Favorite Songs By Favorite Artists: Garth Brooks

Garth Brooks lowest-selling studio album (Scarecrow at 5 million) is more albums than the most successful country music artist, with the exception of a few, can sell in today’s struggling CD market. Love him, hate him or indifferent to him, it cannot be disputed that Garth Brooks has had a profound influence on country music and music in general. This Oklahoma boy, who truly appreciates his hordes of fans, has enjoyed more success than even he thought possible… and we all know that Garth isn’t lacking in the confidence area.

Many things can and have been said about Garth Brooks, but the fact that he and his producer, Allen Reynolds, had a vision for his music that has quite obviously been successful is what makes this countdown relevant today.

“Beer Run (B-double E-double Are You In?)” – Duet with George Jones

Scarecrow (2001)

This song with his worthy idol, George Jones, is a fun tune that captures the energy of a bunch of friends who are itching to quench their week long thirst. Since they live in a dry county, they all have to cram into the truck to cross the county line. It’s okay, though, because “half the fun is in the getting there.” I hope so, because Garth seems to suddenly realize that it’s his turn to drive!

“Standing Outside The Fire”

In Pieces (1993)

Although Garth’s enunciation is a bit strange in this song, the infectious guitar pattern sticks in your head. His message is something that he is certainly qualified to preach. He simply advises us to fight the urge to avoid risks, which is a lesson that has strongly resonated with many people.

”Learning To Live Again”

The Chase (1992)

“Learning To Live Again” is a simple song, but it is sung with lots of emotion. The character in this song is having a difficult time of getting back into the dating game. Somehow, his friends convince him to go on a double date with them. He is so nervous that he can’t even seem to focus on the conversation. Worst of all, he’s forgotten his date’s name, which is a line into which Garth puts a lot of emotion.

“Cowboy Cadillac”

Sevens (1997)

“Cowboy Cadillac” has no lyrical value, but it’s sure fun and catchy. His girl looks as good as a Cadillac.

“The Beaches of Cheyenne”

Fresh Horses (1995)

This is a heartbreaking illustration of what could happen if you don’t adopt the sentiment of Garth’s song, “If Tomorrow Never Comes.” As if losing her husband to bull riding wasn’t enough, her diary reveals that they had had a fight before he had left. Likely, out of fear for his life, she told him that if he went to Wyoming, he might as well not bother to come home. So, he didn’t, which ends in two tragedies.

“If Tomorrow Never Comes”

Garth Brooks (1989)

Actually, I did not purposefully place this song right after “The Beaches Of Cheyenne”. However, since it’s here, I should mention that it is the foundation for the above song. It teaches an important message that we never know when we’ve said our last words to the people we love. So, it’s imperative, though challenging, to consider such a scenario when we’re tempted to be unkind.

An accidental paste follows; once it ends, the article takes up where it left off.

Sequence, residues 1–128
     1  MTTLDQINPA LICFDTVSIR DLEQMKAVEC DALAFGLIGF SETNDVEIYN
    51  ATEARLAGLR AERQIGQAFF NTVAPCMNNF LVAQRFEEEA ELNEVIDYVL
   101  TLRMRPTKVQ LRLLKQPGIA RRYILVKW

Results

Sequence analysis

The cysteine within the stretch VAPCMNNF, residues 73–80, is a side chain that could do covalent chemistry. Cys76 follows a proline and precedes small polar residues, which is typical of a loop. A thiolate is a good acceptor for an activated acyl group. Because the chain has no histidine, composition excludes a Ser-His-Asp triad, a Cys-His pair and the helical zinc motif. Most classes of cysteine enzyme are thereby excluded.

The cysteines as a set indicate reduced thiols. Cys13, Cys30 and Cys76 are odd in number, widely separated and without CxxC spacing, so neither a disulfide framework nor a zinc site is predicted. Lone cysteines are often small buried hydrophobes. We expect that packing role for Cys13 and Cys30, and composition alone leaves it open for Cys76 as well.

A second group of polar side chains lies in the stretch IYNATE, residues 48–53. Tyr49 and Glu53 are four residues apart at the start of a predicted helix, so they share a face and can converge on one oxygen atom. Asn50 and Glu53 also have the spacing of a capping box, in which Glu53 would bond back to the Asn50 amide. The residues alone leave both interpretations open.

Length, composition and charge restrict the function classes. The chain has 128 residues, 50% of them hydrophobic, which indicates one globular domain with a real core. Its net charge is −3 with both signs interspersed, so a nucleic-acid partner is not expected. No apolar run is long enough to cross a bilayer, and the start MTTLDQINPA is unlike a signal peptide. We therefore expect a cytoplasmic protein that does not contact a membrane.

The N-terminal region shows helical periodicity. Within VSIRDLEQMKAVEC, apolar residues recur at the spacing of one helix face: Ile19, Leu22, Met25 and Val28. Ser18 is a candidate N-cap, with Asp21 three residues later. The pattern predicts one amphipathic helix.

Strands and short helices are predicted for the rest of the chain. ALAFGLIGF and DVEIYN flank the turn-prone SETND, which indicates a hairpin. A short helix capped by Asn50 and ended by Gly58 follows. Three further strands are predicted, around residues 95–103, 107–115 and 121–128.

“Unanswered Prayers”

No Fences (1990)

I’ve always wondered what the ex-wife’s of artists think when they hear a song that was written for them on the radio. Garth tells the story of when he and his then wife, Sandy, ran into an old love interest of his. As he’s talking to her, he realizes that she isn’t quite as incredible as he had remembered. So, he is very thankful that God chose not to answer his prayer that she would be his for all time. Instead, he is glad that God answered his prayer by saying “no.”

“Thicker Than Blood”

Scarecrow (2001)

Garth’s inner- hippie is present here. He explains the dynamics of his family and expresses that though they don’t all share the same last name, “love is thicker than blood.” In the second verse, he actually uses blood to show that love is thicker than blood. Finally, in the third verse, he expresses his sadness over the fact that there are people who choose to kill in order to solve disagreements. Not only am I drawn to the lyrics, I enjoy the production that is sparing on the instrumentation.

“The Thunder Rolls”

No Fences (1990)

A lot has been written about this song. It has been dissected and praised. The video was shown on VH1 and MTV for cross genre appeal.

Before seeing the video, however, nobody would guess (except if you’d heard Tanya Tucker’s version) that this song had anything to do with domestic violence. Instead, one would assume that it was just another cheatin’ song. So, not only did it bring attention to domestic violence, Garth made it into a great, emotionally charged song, even without the vivid video imagery.

“Callin’ Baton Rouge”

In Pieces (1993)

This is one of those awesome cover songs. The unconventional bluegrass sound is excellent and Garth musters all of his vocal chops to add the necessary body to the high energy production.

“The Dance”

Garth Brooks (1989)

I think everyone agrees that this is Garth’s signature song. In this piano driven performance, Garth’s voice is a little deeper than usual here. The song reflects that while he could have missed the pain, he would have missed the dance…the dance symbolizing relationships and interpreted as life experiences by Garth.

“What She’s Doin’ Now”

Ropin’ The Wind (1991)

I love the sadness in this song. He wonders what his former lover is doing now. Whatever it is that she’s doing, it’s breaking his heart, because it’s not being done with him. Garth sings this song with an appropriately subdued vocal performance.

“Two Of A Kind, Workin’ On A Full House”